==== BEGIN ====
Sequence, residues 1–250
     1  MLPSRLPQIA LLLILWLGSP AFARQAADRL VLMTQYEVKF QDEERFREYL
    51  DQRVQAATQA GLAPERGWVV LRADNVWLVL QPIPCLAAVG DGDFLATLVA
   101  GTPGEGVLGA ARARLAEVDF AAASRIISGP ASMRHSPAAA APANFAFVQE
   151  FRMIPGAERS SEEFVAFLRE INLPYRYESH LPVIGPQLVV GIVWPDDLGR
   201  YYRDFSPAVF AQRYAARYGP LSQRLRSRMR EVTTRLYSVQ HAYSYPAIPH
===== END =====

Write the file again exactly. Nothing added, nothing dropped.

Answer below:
Sequence, residues 1–250
     1  MLPSRLPQIA LLLILWLGSP AFARQAADRL VLMTQYEVKF QDEERFREYL
    51  DQRVQAATQA GLAPERGWVV LRADNVWLVL QPIPCLAAVG DGDFLATLVA
   101  GTPGEGVLGA ARARLAEVDF AAASRIISGP ASMRHSPAAA APANFAFVQE
   151  FRMIPGAERS SEEFVAFLRE INLPYRYESH LPVIGPQLVV GIVWPDDLGR
   201  YYRDFSPAVF AQRYAARYGP LSQRLRSRMR EVTTRLYSVQ HAYSYPAIPH